Franking. As we mentioned above, the Franking Commission (now formally named the House Communications Standards Commission) published its first ever public website, where you can browse mass mail Members send to their constituents. This follows the publication of new communications standards manual in December. We’re excited about the new transparency — kudos! — and we hope the website will improve its interface, including using unique URLs for each member (so you can track by member) and getting rid of the captcha (so you can scrape the data).


Haste makes waste. Thousands of feds won’t receive 12 weeks of paid parental leave because of drafting errors in the NDAA, which was rushed through. We don’t know how the bill affects Congressional employees). Sen. Schatz introduced a bill to correct some mistakes; no word on its prospects.


Why defer to DOJ? Its Office of Legal Counsel opined that Virginia’s ratification of the Equal Rights Amendment would not be effective, but honestly, OLC gets a far amount wrong and there’s no reason to defer to them. OLC opinions constitute a body of secret law that control executive branch policy on issues like torture (and now the ERA). The OLC SUNLIGHT Act introduced in September would provide congressional access to (often secret) OLC opinions.

PACER. The Federal Courts announced a working group on improving PACER, perhaps to head off public and congressional efforts to fix the expensive and poorly run court record system.

Come on, Joe. Biden donated 1850 boxes of his Senate records (1973 to 2009) to the University of Delaware with a release date of December 31, 2019 — two years after retiring from public office. Now, the University won’t release the records until two years after Biden “retires from public life.” Maybe it’s time to rethink whether a senator’s personal office records should be treated like committee records, i.e. as owned by the American people.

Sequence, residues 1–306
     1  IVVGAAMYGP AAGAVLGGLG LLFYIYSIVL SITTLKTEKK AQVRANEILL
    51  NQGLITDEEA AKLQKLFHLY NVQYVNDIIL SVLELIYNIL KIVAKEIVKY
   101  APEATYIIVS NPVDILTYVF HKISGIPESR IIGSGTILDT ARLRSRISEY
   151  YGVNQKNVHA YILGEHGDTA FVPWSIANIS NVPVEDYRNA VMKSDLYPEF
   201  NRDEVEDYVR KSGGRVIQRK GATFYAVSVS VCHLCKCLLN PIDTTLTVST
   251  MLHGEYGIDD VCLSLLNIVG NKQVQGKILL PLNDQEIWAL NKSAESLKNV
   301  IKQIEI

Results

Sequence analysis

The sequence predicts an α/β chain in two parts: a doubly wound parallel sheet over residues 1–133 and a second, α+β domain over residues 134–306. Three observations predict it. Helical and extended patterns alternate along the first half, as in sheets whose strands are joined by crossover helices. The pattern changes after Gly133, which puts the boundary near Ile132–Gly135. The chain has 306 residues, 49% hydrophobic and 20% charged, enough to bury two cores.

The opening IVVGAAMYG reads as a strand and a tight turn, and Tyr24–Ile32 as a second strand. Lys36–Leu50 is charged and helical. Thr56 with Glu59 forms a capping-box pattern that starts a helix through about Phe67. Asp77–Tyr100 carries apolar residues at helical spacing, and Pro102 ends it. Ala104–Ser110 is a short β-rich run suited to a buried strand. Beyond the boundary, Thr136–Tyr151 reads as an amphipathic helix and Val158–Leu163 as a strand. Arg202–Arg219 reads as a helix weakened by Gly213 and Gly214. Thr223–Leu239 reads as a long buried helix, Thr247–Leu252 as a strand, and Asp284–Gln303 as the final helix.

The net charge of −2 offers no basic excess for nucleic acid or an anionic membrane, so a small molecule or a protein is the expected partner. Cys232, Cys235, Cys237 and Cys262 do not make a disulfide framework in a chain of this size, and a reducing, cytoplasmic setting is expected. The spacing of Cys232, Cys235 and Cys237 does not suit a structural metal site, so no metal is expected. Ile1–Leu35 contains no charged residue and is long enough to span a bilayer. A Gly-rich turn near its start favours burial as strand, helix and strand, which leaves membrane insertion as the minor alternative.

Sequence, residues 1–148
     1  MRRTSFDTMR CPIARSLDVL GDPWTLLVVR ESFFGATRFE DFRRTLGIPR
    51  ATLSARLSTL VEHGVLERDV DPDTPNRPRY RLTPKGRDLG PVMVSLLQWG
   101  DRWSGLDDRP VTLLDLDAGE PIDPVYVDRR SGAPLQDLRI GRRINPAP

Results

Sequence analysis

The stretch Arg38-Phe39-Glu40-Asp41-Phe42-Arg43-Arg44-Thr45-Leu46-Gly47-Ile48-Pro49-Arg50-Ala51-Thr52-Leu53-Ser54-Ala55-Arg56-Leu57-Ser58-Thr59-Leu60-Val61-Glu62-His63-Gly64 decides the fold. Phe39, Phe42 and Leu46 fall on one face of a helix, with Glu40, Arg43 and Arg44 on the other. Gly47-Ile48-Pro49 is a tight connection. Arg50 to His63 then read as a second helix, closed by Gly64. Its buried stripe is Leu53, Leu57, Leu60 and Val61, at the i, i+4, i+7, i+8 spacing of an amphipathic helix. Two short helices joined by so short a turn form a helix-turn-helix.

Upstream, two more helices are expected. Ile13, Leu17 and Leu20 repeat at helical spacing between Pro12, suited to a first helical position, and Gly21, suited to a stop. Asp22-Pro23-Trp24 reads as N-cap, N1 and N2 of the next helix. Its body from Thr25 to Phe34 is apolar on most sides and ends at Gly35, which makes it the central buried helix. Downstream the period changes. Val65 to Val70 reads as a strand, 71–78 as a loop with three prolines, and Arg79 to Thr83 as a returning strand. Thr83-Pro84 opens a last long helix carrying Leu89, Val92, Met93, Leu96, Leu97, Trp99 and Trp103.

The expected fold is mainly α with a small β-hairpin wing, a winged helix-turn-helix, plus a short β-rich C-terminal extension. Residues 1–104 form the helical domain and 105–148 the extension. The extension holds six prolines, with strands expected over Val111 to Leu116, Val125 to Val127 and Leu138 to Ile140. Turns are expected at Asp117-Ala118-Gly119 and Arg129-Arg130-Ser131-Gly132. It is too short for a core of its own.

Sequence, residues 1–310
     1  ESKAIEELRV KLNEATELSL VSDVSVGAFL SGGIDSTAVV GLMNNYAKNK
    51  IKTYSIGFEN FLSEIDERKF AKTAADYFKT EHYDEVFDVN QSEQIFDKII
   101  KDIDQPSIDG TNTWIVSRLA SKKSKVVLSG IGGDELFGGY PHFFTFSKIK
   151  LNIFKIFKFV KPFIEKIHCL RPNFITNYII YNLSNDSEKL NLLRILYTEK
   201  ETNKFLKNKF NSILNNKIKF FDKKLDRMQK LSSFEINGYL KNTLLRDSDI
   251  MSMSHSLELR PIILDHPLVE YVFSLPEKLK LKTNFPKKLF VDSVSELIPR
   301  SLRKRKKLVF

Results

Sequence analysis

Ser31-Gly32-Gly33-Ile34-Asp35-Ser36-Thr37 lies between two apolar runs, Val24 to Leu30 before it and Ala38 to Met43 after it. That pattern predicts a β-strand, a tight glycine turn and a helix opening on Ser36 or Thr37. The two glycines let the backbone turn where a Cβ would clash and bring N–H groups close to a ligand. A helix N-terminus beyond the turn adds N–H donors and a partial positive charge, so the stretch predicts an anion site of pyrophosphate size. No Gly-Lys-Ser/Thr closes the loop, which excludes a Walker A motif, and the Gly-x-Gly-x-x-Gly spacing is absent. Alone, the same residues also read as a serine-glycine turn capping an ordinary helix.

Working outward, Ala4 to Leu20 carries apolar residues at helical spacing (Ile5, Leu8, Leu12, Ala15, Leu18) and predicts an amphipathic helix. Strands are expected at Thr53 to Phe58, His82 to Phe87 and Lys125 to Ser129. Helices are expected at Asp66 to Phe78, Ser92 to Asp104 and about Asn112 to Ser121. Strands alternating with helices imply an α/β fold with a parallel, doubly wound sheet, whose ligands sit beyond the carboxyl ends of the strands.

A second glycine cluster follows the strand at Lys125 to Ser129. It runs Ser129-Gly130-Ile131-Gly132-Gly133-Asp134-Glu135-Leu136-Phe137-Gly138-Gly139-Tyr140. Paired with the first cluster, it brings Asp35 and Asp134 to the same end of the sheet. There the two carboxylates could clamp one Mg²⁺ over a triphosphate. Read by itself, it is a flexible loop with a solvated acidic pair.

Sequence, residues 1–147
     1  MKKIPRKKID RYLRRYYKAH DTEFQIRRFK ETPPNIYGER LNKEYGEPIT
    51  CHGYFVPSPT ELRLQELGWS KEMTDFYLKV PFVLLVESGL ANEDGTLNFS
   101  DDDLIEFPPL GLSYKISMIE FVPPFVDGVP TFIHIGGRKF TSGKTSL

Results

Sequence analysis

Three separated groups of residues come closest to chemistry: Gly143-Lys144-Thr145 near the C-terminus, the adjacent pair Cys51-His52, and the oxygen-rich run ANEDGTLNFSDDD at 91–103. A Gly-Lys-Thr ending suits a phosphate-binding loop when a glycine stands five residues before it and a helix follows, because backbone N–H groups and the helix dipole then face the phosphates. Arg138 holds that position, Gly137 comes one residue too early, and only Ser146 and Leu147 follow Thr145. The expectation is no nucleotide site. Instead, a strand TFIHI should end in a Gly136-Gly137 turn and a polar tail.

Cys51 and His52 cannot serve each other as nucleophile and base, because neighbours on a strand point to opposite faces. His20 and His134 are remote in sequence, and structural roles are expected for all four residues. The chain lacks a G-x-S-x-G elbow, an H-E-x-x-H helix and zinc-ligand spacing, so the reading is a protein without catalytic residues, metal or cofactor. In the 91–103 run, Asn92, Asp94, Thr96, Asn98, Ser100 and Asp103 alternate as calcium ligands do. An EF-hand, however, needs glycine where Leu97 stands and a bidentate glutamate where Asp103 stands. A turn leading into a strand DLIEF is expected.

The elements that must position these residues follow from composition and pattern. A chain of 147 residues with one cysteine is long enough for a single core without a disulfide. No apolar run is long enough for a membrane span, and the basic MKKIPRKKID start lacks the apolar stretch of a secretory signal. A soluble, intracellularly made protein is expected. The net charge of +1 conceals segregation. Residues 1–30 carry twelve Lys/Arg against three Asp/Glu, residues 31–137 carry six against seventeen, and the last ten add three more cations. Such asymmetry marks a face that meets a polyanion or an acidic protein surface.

Direct Links: A update lets you link directly to specific sections of legislation.

Harhvard. My favorite Harvard Law Review proposal, just released, suggests turning DC into dozens of states and using them to amend the constitution. The tongue-in-cheek essay makes a very strong argument about what’s wrong with the Constitution and how not to be victim to the dead hand of the past.

Former Rep. Chris Collins faces sentencing this Friday for insider trading charges and lying to the FBI (court filings here). Collins was re-elected to Congress, after charges became public in late 2018, and did not resign until the end of September. (See the OCE Report here).

Rep. Duncan Hunter officially resigns from Congress today, which brings the total number of Members of the House to 430. There will not be a special election to fill Hunter’s seat. Hunter committed a felony (OCE Report), yet he’ll still cash in on his Congressional pension. Former members-turned-lobbyists cannot go to the House floor or the House gym — what about convicted felons? It’s ok? (Maybe Rule IV, clause 4 of the House rules should be amended.)

New GA GOP Sen. Kelly Loeffler will sit on a committee that oversees the agency that regulates her husband’s business.

Psuedo-lobbyist. Former Sen. Barbara Boxer doesn’t plan to register as a lobbyist despite joining Mercury Public Affairs as the firm’s co-chairman; it represents corporations and foreign governments. See the firm’s FARA form here.

USCP arrested 20 protestors by the Capitol. We’ve got the round up.

Rep. AOC rightly noted that Democrats are a multiparty coalition. Here’s how we imagine it.

The Parliamentarian published volume II in the new series “Precedents of the US House of Representatives”.


• R Street is hosting a panel, Building a 21st Century Congress That Works” at 12 in the Capitol Visitor Center, Room 264. Experts will discuss what’s going right in Congress, what’s going wrong, and how our national legislature might be improved.

• The Fix Congress Committee has a hearing on “Article One: Restoring Capacity and Equipping Congress to Better Serve the American People” at 2 in Rayburn Room 2020. Stream it here.

• TechCongress is hosting its 2020 Congressional Innovation Fellowship Launch at 5:30 in Dirksen G11.


• The House Committee on Homeland Security will hold a hearing on U.S.-Iran Tensions and its Implications for Homeland Security at 10 am in 310 Cannon.


• The Reiss Center on Law and Security at NYU is hosting a panel at 12 titled “Reforming the FISA Process: Proposals for the Future.” FYI the event is in Manhattan. Can’t make the event? Learn more about the issue at

Down the Line

• Emerging Case Law on Congressional Oversight, Levin Center, January 24 at National Press Club. RSVP.

• State of the Union is set for February 4